Up to 2,000 children are taking part in the re-enactment of The Battle of Hornshole, in Hawick, to mark 500 years since it took place.
Wilton Lodge Park in Hawick looks set to get a major facelift thanks to a two and a half million pound grant from the Heritage Lottery Fund.
A new exhibition in Hawick explores how influential Polish culture is in the Borders and features rare artefacts from soldiers in WW2.
Children in the Borders have been practising a routine they will perform next month as part of the celebrations to welcome the Queen's Baton Relay to Scotland, ahead of the Commonwealth Games.
It's called the Hawick-a, and combines the traditional New Zealand Haka and a Borders Common Riding song.
Olivia Roper from Scottish Borders Council says the Hawick-a is about celebrating Scottish culture.
A new statue has been unveiled in Hawick town centre.
The bronze statue depicts the capturing of an English flag by a young man from the town.
Thousands lined the street to watch as this years Hawick Cornet unveiled the monument.
Ross Gibson said:"It tells the story perfectly because the young Callant brought the flag back and it was only the really old and the really young left in the town and it has got both. The detail in it is brilliant.
"It has been a perfect warm up with all the kids out cheering and I just can't wait for everything to get started now."
Nearly 2,000 school children from the Scottish Borders have been celebrating one of the most significant moments in Hawick's history.
The Battle of Hornshole took place 500 years ago today. The battle's remembered in the town's annual Common Riding celebrations. Part of the festivities included a re-enactment at the site of the battle.
Our reporter in the Borders, Jenny Longden, was there:
The re-enactment held for local school children in Hawick is the start of a summer long programme of common ridings and festivals in the Scottish Borders.
The Battle of Hornshole is the basis for the annual Common Riding event, when hundreds of men ride the towns boundaries, led by the Cornet holding a flag.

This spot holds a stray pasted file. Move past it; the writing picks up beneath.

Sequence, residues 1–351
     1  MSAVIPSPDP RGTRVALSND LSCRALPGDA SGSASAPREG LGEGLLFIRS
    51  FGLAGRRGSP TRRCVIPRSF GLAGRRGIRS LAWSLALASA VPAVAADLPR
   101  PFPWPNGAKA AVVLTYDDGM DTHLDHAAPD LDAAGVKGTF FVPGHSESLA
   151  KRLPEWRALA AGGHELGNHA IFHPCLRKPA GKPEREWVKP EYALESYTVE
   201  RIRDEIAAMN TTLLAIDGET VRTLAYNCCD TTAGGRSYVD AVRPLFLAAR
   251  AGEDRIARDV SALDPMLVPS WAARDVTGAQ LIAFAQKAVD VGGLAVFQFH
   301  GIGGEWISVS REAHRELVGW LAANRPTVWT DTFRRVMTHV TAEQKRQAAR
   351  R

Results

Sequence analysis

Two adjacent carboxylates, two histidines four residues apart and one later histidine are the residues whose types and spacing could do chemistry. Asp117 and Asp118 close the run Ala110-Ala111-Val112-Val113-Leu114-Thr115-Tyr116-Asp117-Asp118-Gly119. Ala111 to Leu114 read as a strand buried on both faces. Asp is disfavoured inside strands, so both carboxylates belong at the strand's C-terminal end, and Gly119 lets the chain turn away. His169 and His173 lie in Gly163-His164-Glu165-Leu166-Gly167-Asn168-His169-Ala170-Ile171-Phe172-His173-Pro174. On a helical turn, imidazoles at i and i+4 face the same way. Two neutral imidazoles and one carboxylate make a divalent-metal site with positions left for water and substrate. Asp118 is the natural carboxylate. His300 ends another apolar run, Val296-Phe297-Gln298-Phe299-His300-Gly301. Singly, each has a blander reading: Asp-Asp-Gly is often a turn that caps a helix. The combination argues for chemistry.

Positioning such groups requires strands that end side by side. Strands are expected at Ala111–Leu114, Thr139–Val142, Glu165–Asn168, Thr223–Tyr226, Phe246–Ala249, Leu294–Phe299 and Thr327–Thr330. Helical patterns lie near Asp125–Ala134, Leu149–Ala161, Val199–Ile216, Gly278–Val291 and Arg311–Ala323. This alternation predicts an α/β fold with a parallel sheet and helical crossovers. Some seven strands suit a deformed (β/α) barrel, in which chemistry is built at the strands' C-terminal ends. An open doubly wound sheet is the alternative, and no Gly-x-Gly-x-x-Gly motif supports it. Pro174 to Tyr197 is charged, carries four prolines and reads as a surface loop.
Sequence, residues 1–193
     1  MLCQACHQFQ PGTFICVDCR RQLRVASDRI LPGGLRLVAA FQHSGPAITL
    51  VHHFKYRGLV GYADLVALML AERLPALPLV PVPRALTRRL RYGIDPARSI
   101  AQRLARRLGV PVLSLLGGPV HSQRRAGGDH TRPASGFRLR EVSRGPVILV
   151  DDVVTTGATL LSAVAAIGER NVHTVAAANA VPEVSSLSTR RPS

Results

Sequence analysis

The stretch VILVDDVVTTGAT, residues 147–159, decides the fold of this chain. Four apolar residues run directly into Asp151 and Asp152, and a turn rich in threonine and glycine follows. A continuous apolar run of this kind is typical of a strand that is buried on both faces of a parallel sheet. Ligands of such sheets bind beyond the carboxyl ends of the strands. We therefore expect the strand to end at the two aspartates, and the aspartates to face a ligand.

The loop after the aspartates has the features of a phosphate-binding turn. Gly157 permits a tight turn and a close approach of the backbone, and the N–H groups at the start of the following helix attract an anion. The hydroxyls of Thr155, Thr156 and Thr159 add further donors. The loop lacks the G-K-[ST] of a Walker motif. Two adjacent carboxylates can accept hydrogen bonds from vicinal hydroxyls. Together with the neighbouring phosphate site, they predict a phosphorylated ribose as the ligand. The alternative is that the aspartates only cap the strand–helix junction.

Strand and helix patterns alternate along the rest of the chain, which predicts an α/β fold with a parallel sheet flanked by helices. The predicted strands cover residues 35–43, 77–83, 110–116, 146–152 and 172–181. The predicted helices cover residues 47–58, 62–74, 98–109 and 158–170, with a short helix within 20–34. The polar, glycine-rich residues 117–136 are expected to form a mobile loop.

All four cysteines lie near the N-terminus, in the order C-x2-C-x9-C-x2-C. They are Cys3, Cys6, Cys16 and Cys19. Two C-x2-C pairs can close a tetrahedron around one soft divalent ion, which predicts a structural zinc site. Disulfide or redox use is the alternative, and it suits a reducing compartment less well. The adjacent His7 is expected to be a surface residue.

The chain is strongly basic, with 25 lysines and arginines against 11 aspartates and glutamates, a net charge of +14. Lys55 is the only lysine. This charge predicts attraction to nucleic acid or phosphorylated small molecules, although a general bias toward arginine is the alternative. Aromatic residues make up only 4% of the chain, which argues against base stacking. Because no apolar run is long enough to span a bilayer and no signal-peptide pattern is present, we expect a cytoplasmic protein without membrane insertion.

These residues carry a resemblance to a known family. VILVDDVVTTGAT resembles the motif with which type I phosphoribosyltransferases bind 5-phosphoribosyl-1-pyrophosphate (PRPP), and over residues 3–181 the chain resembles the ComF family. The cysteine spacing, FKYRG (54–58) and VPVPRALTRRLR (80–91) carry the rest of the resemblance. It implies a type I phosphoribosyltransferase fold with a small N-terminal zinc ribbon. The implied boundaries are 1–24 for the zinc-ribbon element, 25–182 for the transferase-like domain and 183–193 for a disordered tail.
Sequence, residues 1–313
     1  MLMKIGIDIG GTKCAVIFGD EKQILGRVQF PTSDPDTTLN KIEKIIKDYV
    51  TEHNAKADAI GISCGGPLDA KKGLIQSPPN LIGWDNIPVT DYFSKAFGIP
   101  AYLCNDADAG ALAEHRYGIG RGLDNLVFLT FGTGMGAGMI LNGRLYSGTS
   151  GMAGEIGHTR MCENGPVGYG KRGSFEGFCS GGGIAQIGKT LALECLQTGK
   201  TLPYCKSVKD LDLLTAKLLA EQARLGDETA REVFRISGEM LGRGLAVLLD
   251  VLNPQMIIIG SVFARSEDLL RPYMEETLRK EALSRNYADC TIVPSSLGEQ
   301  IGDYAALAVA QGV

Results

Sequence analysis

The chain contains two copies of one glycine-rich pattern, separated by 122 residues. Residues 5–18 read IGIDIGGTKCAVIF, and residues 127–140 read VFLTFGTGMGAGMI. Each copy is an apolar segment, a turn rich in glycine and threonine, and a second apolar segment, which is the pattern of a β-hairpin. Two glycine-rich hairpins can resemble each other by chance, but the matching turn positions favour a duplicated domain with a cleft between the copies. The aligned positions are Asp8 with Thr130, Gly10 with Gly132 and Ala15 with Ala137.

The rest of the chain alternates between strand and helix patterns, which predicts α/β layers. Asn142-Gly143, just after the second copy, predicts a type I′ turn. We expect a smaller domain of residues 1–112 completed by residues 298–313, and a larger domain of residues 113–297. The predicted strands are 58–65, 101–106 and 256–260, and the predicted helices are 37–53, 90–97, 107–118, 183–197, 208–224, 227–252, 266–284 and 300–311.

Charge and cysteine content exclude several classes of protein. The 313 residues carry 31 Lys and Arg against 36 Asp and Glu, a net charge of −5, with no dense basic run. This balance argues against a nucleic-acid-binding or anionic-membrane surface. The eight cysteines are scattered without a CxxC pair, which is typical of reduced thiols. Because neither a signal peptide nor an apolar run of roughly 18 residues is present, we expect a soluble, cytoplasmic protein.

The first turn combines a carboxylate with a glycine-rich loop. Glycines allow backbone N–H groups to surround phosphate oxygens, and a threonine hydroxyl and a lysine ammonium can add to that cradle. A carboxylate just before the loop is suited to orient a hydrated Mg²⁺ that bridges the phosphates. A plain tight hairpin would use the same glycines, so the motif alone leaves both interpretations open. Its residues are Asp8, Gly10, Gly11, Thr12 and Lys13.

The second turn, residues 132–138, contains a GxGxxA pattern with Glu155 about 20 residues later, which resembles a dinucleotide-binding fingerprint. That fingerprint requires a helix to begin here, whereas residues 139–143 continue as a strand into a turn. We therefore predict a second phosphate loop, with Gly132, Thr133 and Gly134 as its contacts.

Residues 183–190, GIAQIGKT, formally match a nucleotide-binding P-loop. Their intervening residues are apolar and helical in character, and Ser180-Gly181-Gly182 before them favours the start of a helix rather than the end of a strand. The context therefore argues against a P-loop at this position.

This year, the event will have a special significance as it is 500 years since the battle took place.
Cllr Stuart Marshall, Honorary Hawick Provost, said:
"Hawick Common Riding is always a very special event, there is no two ways about that, but this year makes it even extra special because it is the 500 year anniversary of the events that took place at Hornshole."
Nearly two thousand school children from the Scottish Borders are, today, celebrating the anniversary of one of the most significant events in Hawick's history.
They'll be watching a re-enactment of the Battle of Hornshole which happened 500 years ago.
The battle, in which young men from the town defended it from invaders, is central to Hawick's Common Riding festival.
Tributes have been paid to one of the greatest rugby players ever to come out of Hawick. Hugh McLeod died last night at the age of 81.
Stuart Cameron looks back on the life of one of the giants of the game:
Scottish rugby legend Hugh McLeod has passed away aged 81.
Throughout his career he played for Scotland, the Barbarians, the British Lions, and his home club Hawick RFC.
McLeod captained Scotland 40 times between 1954 and 1962. He retired aged 29 because, as he said, "forty is a nice round figure."
At Hawick RFC, he was nicknamed the 'Hawick hardman', reflecting his performance on the field. He later became president.
Current Hawick president, Rory Bannerman, said:
"He was... a legend throughout the rugby world. He will be a well missed figure cycling up and down the High Street in Hawick where you didn't want to get in his way just like on the field. Hugh was probably the greatest ever player to pull on the green jersey for Hawick."
Residents in a town in the Scottish Borders say they're determined to to bring their High Street back to life. Representatives of the community in Hawick have been meeting with the local authority to decide how to restore their run down shopping precinct. Matthew Taylor's full report
Chanel have announced they will be taking on 100 new staff in the Borders.
Bruno Pavlovsky, the company's fashion president, made the announcement on a visit to the Barrie Knitwear factory in Hawick.
He praised their efforts since the luxury goods firm took over the from Dawson International in October 2012.
– Bruno Pavlovsky, Fashion President of Chanel
"The people here have been fantastic. They have been so supportive of all the developments, working extra shifts to build this extra success and to continue that we need to find new people. We need to recruit."
The 100 new jobs would add to the existing 176-strong workforce at Barrie Knitwear.
The Barrie brand of cashmere clothing will launch next month and will be sold at 40 of the world's top clothing stores.
A dedicated boutique will open in Paris in June with a London store also being considered.